Scientists have determined that the unprecedented release of radioactivity into the Pacific Ocean from the Fukushima nuclear disaster poses no direct exposure threat to people, but caution that the accumulated fallout lying in sediment is a potential danger for decades to come.
The findings were published in a report, Impacts of the Fukushima Nuclear Power Plants on Marine Radioactivity, on Wednesday. Levels of cesium and iodine peaked in April, a month after the core meltdowns when seawater used to cool the reactors and spent fuel rods was pumped out of the facility into the nearby ocean.
Levels of radioactive cesium peaked at 50 million times normal levels, becoming the largest accidental release of radiation into the ocean in history, said Woods Hole Oceanographic Institution chemist Ken Buesseler.
Buesseler and two Japanese colleagues, Michio Aoyama of the Meteorological Research Institute and Masao Fukasawa of the Japan Agency for Marine-Earth Science and Technology, collaborated on the report. The Gordon and Betty Moore Foundation and the National Science Foundation’s Chemical Oceanography program funded the research.
The concentrations of cesium offshore were much higher than those measured in the ocean after the Chernobyl accident 25 years ago, Buesseler added. However, unlike Chernobyl, the ocean mixing processes “rapidly diluted” radiation off the Northwest coast of Japan.
The fallout decreased by a factor of 1000 by May as the ocean and the “radionuclide source that has dramatically abated,” diluted the fallout, Woods Hole noted in a press release. Still, radiation remained 10,000 times higher than baseline levels measured a year before the disaster through July.
It is highly likely that there were continued direct releases from the reactors or storage tanks, as well as indirect releases from contaminated groundwater or coastal sediments, according to the report.
Tokyo Electric Power Company, the owners of the Fukushima reactors, disclosed that 45 tons of highly radioactive wastewater containing strontium escaped from a treatment facility this past weekend.
“This latest news suggests that the releases have not ended, so that is of concern. If the contaminants end up in the marine sediments/muds, then they will remain there for decades to come, and thus potentially be of concern for benthic biota and consumers of benthic fish/shell fish, i.e. any local filter feeders near the source waters at the coast,” said Buesseler.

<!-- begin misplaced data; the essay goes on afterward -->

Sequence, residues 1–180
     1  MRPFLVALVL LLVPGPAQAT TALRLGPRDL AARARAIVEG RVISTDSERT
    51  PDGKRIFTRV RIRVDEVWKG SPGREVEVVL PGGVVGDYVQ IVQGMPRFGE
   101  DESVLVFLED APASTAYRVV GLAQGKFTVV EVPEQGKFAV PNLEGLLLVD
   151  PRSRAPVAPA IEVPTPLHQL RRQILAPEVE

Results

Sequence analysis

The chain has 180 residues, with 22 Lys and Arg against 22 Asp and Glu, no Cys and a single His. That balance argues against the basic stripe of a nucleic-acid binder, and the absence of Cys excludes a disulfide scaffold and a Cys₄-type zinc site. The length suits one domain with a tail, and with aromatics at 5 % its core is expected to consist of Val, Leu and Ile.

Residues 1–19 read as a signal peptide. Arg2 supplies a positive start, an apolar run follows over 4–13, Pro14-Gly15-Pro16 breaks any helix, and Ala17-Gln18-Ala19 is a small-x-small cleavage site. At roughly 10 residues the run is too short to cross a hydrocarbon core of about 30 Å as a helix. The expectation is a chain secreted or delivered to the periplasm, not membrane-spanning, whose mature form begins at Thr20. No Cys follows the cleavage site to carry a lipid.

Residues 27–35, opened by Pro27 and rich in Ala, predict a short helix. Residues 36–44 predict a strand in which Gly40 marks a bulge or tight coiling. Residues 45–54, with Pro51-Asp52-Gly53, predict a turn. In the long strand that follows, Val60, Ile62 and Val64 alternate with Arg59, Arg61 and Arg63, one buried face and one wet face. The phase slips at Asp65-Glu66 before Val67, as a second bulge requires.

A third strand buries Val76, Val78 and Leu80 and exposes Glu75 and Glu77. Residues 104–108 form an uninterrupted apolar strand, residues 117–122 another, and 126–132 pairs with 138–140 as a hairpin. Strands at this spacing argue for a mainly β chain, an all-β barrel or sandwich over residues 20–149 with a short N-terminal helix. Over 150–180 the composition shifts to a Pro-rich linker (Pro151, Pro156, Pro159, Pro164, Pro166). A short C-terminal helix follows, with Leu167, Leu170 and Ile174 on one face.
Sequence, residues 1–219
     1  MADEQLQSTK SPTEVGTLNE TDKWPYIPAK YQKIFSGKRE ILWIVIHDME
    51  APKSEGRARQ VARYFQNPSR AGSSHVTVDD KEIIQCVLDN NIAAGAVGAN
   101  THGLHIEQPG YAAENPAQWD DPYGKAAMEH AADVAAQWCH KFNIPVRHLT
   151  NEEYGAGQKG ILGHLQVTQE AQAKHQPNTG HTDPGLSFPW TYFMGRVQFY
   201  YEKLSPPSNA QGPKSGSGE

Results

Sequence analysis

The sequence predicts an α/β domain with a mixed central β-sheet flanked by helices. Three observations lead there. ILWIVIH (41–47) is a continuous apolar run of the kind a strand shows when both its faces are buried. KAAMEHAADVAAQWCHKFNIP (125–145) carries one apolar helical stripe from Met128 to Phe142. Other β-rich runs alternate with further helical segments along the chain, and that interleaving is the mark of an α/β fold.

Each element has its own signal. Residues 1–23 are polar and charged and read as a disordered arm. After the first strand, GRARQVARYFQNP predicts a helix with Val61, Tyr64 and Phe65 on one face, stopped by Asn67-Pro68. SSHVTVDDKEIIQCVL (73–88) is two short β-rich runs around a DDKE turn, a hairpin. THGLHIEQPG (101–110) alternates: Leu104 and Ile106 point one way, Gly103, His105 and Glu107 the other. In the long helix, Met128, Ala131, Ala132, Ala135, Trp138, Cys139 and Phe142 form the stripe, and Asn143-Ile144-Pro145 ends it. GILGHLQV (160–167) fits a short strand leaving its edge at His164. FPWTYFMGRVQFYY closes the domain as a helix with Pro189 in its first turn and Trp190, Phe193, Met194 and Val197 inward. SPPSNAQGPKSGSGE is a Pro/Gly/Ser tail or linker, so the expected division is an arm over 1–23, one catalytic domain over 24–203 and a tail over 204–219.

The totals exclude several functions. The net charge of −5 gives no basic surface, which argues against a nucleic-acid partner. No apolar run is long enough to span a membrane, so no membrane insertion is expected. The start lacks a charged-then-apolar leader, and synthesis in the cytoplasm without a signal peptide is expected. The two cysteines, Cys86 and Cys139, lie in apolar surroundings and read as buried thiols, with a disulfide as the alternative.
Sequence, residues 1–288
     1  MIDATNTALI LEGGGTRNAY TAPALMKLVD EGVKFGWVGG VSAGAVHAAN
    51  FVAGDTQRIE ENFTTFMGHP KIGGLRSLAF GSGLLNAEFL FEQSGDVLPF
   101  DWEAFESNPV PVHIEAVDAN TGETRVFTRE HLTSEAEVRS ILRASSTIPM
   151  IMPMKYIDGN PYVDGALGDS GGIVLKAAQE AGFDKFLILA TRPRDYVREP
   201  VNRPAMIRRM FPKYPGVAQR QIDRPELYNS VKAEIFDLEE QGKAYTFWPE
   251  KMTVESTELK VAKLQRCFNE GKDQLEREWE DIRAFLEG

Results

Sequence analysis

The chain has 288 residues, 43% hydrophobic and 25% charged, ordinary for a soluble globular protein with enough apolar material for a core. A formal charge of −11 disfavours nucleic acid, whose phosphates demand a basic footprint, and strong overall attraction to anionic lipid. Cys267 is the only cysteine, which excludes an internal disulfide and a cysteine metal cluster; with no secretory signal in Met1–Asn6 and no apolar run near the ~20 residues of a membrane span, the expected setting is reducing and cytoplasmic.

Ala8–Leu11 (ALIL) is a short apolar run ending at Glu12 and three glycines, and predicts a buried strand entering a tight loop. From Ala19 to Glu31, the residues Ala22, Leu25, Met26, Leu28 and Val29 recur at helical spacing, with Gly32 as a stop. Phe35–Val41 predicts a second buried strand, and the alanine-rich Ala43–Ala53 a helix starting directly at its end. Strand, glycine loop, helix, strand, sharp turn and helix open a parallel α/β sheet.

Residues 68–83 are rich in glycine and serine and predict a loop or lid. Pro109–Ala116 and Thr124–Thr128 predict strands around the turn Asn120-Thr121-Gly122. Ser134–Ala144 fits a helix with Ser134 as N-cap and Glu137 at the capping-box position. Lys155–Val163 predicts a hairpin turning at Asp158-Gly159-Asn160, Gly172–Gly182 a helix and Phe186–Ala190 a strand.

Strontium has a similar 30-year half-life to cesium, and is linked to bone cancer. Buesseler noted that small fish eaten with the bones (vs. filets) could be enriched with radiation, but said that measuring the isotopes was challenging and could take time.
While researchers have some knowledge of the effects of intentional man-made releases of radioactivity into the ocean, the long-term environmental consequences of an incident as significant as Fukushima is unknown.
“Nuclear testing impacts were generally minor, i.e. the Pacific Ocean is safe today for swimming, fishing, etc. despite our much larger radionuclide inputs due to US testing on the Marshall Islands,” Buesseler said.
“The craters in the lagoons on those islands are still contaminated and production of food on these islands is not allowed in hot spots. Thus Individual testing events caused local contamination that was of significant health concern at the time. Effects on the marine environment were locally in time/space quite large, but in contest of the whole Pacific and decades later, quite minor. I expect the same today for the ocean off Japan.”
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